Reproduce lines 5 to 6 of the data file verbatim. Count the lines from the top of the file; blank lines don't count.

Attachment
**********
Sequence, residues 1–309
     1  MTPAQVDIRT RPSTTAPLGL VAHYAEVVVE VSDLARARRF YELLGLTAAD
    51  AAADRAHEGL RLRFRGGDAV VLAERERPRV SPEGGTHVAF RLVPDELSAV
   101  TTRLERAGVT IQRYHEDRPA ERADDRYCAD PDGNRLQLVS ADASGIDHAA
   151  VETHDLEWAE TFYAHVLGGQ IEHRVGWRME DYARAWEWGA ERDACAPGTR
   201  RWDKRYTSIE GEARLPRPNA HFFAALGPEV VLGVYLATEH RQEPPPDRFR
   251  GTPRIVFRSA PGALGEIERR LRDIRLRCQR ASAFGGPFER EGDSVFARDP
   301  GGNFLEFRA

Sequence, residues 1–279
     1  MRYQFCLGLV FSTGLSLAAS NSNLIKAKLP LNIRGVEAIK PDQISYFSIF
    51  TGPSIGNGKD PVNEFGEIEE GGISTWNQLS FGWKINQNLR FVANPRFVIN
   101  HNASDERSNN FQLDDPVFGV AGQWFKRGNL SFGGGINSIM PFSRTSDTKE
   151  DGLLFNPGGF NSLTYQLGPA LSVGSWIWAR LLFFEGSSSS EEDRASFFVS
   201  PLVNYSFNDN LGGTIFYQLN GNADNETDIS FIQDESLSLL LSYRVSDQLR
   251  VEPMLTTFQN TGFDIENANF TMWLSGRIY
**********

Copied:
   151  VETHDLEWAE TFYAHVLGGQ IEHRVGWRME DYARAWEWGA ERDACAPGTR
   201  RWDKRYTSIE GEARLPRPNA HFFAALGPEV VLGVYLATEH RQEPPPDRFR